College mergers and related consolidation activity could gain momentum again as higher education leaders navigate the dual financial upheaval of COVID and a potential recession.
Just last week, it was announced that Bloomfield College, a small private institution in New Jersey, would become a branch of Montclair State University, the large public school nearby. The State of New Jersey contributed $12.5 million to facilitate the transaction. “This partnership could serve as a new national model for how institutions with similar missions can innovate through integration and become partners in student success instead of competitors,” the state chairman said. de Montclair, Jonathan GS Koppell, in a press release.
While public-private mergers may be rare, a higher education consulting firm is encouraging more administrators to consider the prospect of affiliation or consolidation. With the number of traditional-aged students declining, skepticism around the value of post-secondary degrees rising, and deferred maintenance costs rising, some campus leaders may not be acting fast enough to ensure the health of their establishment, according to Tyton Partners.
“The denial is so pronounced that there seem to be as many recent examples of institutions waiting too long to merge as there are examples of successful mergers,” the company says. “Too little, too late has become all too common in higher education and yet the number of failures continues to grow.”
Here are Tyton’s 9 key steps for directors evaluating a potential merger:
Make the merger decision
- Adopt a vision of the market: While campus leaders know their own finances well, many lack perspective on whether their programs are gaining or losing market share. Trustees and trustees must master their relative competitive performance to properly assess long-term institutional health.
- speak clearly: The extent of a college’s financial risks may not become clear unless leaders are open and transparent about “the business of keeping an institution afloat.” Leaders need to have unflinching discussions about markets, market share, consumers, and competition.
- Don’t wait for it to be obvious: Mergers are often difficult and painful, but these agreements only succeed when an institution remains relatively viable and has something to offer if it is absorbed by another college or university.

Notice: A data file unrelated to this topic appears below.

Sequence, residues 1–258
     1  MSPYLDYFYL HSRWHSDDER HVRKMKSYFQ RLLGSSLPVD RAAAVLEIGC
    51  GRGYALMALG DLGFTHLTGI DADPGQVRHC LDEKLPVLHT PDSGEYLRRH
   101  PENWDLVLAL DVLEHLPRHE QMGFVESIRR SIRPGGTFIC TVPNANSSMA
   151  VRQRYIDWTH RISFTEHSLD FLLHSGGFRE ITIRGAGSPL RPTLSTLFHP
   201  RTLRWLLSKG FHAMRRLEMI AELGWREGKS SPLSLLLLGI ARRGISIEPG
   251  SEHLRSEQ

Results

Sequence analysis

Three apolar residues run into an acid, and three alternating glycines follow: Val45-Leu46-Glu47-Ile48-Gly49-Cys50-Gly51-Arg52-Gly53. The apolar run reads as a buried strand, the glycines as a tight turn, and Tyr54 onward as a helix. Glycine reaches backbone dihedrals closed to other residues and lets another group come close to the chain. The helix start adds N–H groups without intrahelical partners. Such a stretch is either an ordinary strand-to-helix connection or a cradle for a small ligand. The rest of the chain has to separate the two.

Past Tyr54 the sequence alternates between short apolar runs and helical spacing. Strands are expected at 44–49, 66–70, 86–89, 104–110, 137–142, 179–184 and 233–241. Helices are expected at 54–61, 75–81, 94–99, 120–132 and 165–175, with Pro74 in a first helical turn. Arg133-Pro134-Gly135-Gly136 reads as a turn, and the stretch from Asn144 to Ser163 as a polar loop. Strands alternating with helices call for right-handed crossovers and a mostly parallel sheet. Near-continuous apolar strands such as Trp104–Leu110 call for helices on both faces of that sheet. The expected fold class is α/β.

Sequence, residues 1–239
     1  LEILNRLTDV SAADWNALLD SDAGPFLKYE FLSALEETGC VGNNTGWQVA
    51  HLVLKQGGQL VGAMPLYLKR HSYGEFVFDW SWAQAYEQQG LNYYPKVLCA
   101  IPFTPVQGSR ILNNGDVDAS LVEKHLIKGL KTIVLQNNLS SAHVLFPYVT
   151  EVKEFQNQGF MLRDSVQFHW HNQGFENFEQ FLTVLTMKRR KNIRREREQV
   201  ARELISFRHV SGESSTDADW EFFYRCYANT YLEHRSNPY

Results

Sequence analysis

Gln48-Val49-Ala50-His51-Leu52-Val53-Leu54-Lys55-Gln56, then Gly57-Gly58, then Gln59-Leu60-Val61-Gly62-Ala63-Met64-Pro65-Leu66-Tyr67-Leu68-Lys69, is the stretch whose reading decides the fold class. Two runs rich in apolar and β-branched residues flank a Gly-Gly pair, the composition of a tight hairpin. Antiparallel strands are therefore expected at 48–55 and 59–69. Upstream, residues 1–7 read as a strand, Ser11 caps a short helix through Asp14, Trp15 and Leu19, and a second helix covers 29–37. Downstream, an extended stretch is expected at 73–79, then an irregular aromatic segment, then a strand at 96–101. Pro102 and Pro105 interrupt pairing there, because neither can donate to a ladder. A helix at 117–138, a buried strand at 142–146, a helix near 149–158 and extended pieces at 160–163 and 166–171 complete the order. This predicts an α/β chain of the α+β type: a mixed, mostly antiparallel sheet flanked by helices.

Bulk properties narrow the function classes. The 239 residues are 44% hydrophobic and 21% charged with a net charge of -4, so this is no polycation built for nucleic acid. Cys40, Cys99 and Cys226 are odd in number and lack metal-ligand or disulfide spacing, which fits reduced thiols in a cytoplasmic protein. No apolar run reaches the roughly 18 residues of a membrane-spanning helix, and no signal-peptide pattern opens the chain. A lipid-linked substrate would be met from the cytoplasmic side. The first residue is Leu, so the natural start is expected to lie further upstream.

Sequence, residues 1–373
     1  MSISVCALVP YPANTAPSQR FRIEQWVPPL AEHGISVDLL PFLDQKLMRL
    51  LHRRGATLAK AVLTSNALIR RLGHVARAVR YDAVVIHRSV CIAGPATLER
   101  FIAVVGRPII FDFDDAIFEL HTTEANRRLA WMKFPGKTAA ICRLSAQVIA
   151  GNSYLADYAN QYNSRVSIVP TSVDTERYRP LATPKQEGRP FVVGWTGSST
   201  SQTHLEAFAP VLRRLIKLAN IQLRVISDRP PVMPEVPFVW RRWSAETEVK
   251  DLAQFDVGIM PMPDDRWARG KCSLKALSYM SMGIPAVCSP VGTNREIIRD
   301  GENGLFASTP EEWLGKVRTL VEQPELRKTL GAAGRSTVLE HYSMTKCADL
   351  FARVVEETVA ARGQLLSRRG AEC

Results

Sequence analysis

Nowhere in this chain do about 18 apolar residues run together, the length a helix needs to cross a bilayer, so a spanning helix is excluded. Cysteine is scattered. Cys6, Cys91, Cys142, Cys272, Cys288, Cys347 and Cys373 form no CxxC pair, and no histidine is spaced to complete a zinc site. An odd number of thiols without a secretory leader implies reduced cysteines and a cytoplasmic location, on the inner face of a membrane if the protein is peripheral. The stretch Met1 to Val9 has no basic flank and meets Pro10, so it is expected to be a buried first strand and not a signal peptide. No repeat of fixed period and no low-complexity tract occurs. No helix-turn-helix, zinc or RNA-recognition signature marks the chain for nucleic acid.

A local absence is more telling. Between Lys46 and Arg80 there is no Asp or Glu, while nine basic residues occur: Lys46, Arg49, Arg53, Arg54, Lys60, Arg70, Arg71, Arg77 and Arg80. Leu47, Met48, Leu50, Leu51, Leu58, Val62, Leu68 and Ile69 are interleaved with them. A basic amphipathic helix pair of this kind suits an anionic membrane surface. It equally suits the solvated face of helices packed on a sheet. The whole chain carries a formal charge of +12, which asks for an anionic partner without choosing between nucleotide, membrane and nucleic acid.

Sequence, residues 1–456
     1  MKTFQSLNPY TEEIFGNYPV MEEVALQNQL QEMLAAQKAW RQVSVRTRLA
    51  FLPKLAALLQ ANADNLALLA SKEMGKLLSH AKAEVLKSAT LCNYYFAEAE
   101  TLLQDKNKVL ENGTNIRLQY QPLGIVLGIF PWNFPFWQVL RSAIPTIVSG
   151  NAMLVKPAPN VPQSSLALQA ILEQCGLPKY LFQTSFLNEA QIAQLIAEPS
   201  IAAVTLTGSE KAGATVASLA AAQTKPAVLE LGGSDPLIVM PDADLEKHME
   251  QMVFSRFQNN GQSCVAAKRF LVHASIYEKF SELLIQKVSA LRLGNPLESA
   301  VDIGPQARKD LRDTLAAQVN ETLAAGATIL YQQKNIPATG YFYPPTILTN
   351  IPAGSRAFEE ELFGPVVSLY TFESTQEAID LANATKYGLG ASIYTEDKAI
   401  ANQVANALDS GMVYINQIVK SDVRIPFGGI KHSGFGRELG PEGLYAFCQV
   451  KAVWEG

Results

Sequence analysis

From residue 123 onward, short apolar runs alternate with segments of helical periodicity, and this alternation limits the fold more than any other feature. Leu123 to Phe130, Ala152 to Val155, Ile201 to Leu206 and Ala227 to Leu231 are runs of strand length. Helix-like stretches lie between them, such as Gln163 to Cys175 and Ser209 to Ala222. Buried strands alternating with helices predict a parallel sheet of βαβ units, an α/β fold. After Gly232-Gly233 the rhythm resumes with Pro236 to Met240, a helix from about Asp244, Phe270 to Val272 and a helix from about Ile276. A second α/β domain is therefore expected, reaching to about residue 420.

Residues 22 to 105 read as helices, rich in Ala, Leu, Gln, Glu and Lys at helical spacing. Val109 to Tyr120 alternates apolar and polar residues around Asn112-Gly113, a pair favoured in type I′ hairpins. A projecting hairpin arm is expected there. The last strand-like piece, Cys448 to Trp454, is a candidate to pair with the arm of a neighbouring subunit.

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- Act with conviction: Directors and trustees must present a united front in favor of the merger to inspire confidence in potential partners.
- Seek help from an expert: College presidents cannot rely on their networks alone to find a suitable merger partner. An outside expert is often more aware of the work involved in a merger and better placed to identify, approach and negotiate with a partner.
- Market your strengths: Engaging a potential partner is “actually a sales process designed to find the best long-term fit.” Directors must be able to promote their strengths and show how they will benefit a merger partner.
- Search strategically but broadly: Market consolidation, program expansion, degree expansion, geographic expansion, entry into non-credit offerings, or increase in specific capabilities or technologies are among the many factors that administrators need to focus when looking for a partner in a merger.
Choose a partner
- Let go of preconceived ideas: Do not assume that you fully understand an institution based on its size or status. For example, some large bureaucratic state universities can be remarkably nimble, while traditionally conservative schools can act on new expansive mandates from their boards.
- Understand your priorities: When entering into a merger, leaders should prioritize their list of economic and mission-driven goals, such as academic autonomy, employment of staff and faculty, and preservation of an endowment, or a myriad of other factors. Understanding which issues are primary and which are secondary is essential for a successful outcome.
Mergers between established institutions are, of course, more complex than a list of milestones. “Institutions facing potentially existential issues can use this list to spark a conversation that can better structure the merger process,” Tyton says. “It can make all the difference in preserving the institution’s mission and impact.” [soliloquy id=”900″]